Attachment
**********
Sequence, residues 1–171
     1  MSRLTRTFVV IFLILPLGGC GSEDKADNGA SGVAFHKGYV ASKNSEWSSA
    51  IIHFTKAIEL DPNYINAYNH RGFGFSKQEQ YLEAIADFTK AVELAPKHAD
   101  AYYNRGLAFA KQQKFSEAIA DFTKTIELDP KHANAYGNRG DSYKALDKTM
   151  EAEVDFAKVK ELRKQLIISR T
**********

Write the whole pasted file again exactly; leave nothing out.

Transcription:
Sequence, residues 1–171
     1  MSRLTRTFVV IFLILPLGGC GSEDKADNGA SGVAFHKGYV ASKNSEWSSA
    51  IIHFTKAIEL DPNYINAYNH RGFGFSKQEQ YLEAIADFTK AVELAPKHAD
   101  AYYNRGLAFA KQQKFSEAIA DFTKTIELDP KHANAYGNRG DSYKALDKTM
   151  EAEVDFAKVK ELRKQLIISR T